Western Exploration and Exploitation of Indo China (Vietnam) – 2

FRENCH EXPLOITATION OF INDO CHINA:-

France was one of the greatest powers in the world. Along with its European rivals, it acquired a huge empire that comprised territories from the Africa to Asia. In the region of Southeast Asia, France became a major player in its politics during the 19th century. In competition with Great Britain, it exerted a lot of effort in order to acquire lands as much as possible. At the end, France managed to obtain the region known as Indochina. And for the countries, of Laos, Vietnam, and Cambodia, it was a start of a half a century of colonization and exploitation. France only started to assert its dominance over Indochina during the 1800’s. Before then, the only French that settled in the areas of modern day Laos, Cambodia, and Vietnam or Indochina were the French missionaries. The French missionaries played a part in the rise of the Nguyen Dynasty in the early 1800’s. The missionaries’ propagation of the Christian faith then became very active. So much so that by 1840, the Vietnamese Christians numbered around 500,000. Off course, Confucian and traditionalist courtiers in the Nguyen capital of Hue felt anxious, suspicious, and even threatened by the rising number of Vietnamese Christians. They saw Christianity destroying the traditional Confucian values of ancestral worship, which also became a top issue of Christians in East Asia. And so, the Nguyen officials began the persecution of Christians in Vietnam. On the process of destroying the Christians, the traditionalist Vietnamese killed numerous French and Spanish priests. France then used this persecution as a driving force for its intervention and eventual conquest of Vietnam and its neighbouring lands of Laos and Cambodia, during the colonial period, France faced no political opposition to their occupation of Indochina. With the little opposition, the French saw no need in paying attention to local governments, and they cared very little about the opinions of the Indochinese (the 99%). In a United States Military Academy at West Point book on the history of Indochina, the prose read, “French political control was absolute, and there was little, if any, attempt to include local elites in shaping the destiny of Indochina. The titular sovereigns of Cambodia, Luong Prabang (Laos), and Annam retained some importance in the cultural ceremonial of their countries, but they were summarily removed when they sought to gain actual control of any part of the administrative machinery. There existed, for all to see, the glaring difference between the political roles of the French minority and the vast Asian majority.” With the little opposition that was facing the French, they were essentially given a licence to do whatever they pleased, which quickly unfolded into what a historian may call exploitation.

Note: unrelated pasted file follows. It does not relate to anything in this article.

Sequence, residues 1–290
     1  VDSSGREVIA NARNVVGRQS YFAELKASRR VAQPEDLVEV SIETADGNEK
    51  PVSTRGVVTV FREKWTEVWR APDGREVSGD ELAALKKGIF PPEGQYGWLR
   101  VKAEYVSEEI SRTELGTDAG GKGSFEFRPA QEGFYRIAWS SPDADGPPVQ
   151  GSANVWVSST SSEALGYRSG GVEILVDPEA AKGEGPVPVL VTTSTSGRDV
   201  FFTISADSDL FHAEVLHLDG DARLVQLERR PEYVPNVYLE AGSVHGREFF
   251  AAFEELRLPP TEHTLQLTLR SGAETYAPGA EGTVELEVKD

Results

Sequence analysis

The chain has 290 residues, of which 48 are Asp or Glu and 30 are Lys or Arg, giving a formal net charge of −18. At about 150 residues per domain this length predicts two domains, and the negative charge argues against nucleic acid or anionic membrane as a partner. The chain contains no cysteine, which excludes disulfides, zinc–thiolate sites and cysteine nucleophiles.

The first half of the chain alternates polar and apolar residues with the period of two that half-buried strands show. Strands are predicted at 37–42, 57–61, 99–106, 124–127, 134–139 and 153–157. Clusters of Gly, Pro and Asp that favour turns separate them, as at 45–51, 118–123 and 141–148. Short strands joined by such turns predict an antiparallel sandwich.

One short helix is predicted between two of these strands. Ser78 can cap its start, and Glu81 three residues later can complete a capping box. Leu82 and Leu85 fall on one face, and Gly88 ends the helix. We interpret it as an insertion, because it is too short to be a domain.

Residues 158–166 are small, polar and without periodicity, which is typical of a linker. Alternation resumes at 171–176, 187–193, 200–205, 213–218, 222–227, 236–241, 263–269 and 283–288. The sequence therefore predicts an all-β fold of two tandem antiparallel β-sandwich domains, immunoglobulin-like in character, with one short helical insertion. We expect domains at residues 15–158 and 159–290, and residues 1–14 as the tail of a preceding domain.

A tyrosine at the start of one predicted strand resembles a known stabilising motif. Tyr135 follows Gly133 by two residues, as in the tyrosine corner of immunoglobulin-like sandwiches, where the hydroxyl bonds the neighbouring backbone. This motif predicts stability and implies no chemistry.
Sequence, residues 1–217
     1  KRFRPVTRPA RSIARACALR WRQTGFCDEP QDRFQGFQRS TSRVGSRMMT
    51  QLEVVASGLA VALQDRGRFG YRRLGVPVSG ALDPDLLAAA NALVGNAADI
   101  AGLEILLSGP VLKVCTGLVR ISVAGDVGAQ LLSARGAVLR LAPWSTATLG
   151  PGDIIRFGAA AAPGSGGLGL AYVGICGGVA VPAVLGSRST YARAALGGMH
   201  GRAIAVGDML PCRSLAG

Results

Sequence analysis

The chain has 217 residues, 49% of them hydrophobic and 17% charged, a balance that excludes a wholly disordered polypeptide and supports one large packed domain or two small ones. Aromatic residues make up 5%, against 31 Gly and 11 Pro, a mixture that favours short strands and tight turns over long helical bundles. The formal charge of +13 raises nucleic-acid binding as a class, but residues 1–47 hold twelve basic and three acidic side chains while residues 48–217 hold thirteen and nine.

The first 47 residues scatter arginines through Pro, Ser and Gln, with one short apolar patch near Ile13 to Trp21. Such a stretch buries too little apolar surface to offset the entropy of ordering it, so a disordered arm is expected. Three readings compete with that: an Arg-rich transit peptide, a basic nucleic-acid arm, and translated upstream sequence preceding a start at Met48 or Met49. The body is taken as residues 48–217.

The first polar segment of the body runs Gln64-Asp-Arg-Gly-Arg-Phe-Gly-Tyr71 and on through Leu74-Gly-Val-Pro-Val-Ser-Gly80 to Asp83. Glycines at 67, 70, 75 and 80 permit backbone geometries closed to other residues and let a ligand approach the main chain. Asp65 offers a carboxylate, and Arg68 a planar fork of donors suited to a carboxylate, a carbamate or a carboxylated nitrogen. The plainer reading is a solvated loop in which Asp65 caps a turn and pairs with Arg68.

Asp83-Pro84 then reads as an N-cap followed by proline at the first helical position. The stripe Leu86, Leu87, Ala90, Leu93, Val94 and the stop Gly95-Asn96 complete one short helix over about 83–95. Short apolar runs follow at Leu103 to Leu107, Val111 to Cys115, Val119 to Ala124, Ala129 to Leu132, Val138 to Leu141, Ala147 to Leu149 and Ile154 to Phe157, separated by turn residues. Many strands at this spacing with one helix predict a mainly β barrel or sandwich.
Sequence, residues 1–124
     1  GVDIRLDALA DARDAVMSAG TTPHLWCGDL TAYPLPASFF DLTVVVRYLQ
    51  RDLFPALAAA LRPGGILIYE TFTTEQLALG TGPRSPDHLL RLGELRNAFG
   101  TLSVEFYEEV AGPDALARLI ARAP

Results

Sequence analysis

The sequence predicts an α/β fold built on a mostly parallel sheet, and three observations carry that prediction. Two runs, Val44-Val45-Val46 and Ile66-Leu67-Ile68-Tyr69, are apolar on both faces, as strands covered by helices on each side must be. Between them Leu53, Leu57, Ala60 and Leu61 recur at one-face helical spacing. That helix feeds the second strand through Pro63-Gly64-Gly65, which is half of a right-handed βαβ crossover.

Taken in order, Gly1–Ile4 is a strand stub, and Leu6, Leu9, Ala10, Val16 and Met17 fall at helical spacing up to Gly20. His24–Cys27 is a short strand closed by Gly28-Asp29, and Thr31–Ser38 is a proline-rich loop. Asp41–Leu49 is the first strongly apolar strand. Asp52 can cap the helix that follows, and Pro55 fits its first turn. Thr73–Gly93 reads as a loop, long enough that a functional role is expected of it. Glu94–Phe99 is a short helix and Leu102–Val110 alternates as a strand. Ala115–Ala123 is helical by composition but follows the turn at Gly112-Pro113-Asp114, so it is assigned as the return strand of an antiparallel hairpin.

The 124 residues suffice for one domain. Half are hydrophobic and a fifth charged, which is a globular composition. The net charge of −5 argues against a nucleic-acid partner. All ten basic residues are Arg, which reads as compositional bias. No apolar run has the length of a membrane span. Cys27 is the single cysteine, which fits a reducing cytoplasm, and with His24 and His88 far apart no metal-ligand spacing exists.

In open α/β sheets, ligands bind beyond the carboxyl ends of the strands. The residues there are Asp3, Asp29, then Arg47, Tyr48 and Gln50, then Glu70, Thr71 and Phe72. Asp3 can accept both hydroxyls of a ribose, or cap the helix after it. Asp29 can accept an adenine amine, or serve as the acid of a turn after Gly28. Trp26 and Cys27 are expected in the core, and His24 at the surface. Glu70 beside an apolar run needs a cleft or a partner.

The alienation of Indochinese land is the epitome of France’s exploitation of Indochina. In Cochin china alone, 80% of the land was owned by 25% of the land owners, and 57% of the rural population was landless peasants, and this was not limited to Cochin, China, for throughout Indochina, the amount of landless peasants skyrocketed exponentially. In addition to this, the misery of the peasants was further augmented by large taxes and heavy interest rates on loans.

Indochina was exploited even further with their natural resources. Not only was over 90% of the rubber plantations French owned, but nearly two-thirds of the coal mined in Indochina (Nearly 2 Million Tons in 1927) was exported. Also, Indochina’s manufacturing became limited to cement and textiles for the purpose of quieting French industrialists. In addition to this, naval ship yards and armament factories were dismantled by the French, and very few local industries survived, except for the craft industry, which gave the Indochinese people an alternative to the French commodities, which were quite dear on one’s wealth.  Indochina was exploited even further with their natural resources. Not only was over 90% of the rubber plantations French owned, but nearly two-thirds of the coal mined in Indochina (Nearly 2 Million Tons in 1927) was exported. Also, Indochina’s manufacturing became limited to cement and textiles for the purpose of quieting French industrialists. In addition to this, naval ship yards and armament factories were dismantled by the French, and very few local industries survived, except for the craft industry, which gave the Indochinese people an alternative to the French commodities, which were quite dear on one’s wealth.